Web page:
Tonight’s YouGov poll for the Sun has topline figures of CON 34%, LAB 42%, LDEM 9%. This is the first voting intention poll conducted wholly after the budget, though much of it was before this morning’s newspapers and the continuing media coverage we’ve had today (for the record, YouGov’s actual fieldwork times are from around about 5.30pm yesterday until around about 4pm this afternoon)
The eight point Labour lead equals the largest this year. It could be a budget knock for the Conservatives, though it is worth remembering that we also had another eight point lead earlier this week before the budget (in so much as it can be “before” a budget that had been so widely leaked), so it could be normal margin of error.
The YouGov poll has various other questions on the budget. The increase in the personal tax allowance is predictably popular, with 90% of people supporting the change. There are also solid majorities in favour of the cut in corporation tax, allowing shops to open on Sundays during the Olympics and the increaase in stamp duty on homes worth more than £2million.
Turning to the more controversial measures, 55% of people opposed the decision to cut the 50p tax rate to 45p, with 32% in support. The opposition to this measure is less strong than most of the pre-budget polling on the question – the difference is largely because polls before the budget tended to show Conservative voters opposed to the abolition of the 50p tax rate. The post-budget poll shows 60% of Tory voters in favour. Part of this might be because people are happier with a 45p compromise than abolishing the band completely, but a lot is probably Conservative supporters being more supportive of a policy when the Conservatives actually do it.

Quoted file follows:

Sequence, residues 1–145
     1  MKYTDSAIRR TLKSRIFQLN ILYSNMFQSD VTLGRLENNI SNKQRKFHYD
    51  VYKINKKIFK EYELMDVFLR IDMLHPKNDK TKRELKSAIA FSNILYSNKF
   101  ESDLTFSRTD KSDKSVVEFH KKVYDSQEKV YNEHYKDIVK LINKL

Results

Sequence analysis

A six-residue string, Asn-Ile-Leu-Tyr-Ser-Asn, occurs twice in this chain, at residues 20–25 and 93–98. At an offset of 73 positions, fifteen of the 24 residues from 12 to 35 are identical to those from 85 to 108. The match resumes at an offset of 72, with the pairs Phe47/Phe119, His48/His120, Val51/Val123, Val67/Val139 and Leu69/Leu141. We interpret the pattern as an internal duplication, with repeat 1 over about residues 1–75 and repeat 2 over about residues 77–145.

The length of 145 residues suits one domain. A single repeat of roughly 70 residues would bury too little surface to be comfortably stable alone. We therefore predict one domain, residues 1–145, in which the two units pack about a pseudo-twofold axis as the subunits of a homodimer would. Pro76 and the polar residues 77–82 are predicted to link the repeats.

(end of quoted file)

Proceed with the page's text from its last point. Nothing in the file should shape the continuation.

Where they haven’t done that is the least popular part of the budget, which predictably is the “granny tax”. Only 18% of people support increasing taxes paid by pensioners by phasing out the age-related tax allowance, with 64% opposed. This includes 57% of the Conservative party’s own voters and, as one might expect, 79% of people over the age of 60.
Overall just under a third of people (32%) think the budget is fair, compared to 48% who think it is unfair. To put this in context, YouGov asked the same question after last year’s budget and found 44% thought that budget was fair.
The survey also asked people whether they thought different income groups would end up paying more or less in tax as a result of the budget. 46% thought poorer people would pay less in tax, and 56% thought that the richest people in Britain will end up paying less tax. In contrast, 40% think people on average incomes will end up paying more, compared to just 23% who think they will gain and asked about “people like themselves” 21% of people think’ll end up paying less tax, 37% think they’ll end up paying more.
All this suggests the budget has not gone down well. What remains to be seen now is whether there is any real knock to voting intention once we’ve got some more polls to judge by (as ever, one should never put too much weight on one poll) and, if so, whether it lasts once the immediate negative coverage of the budget fades.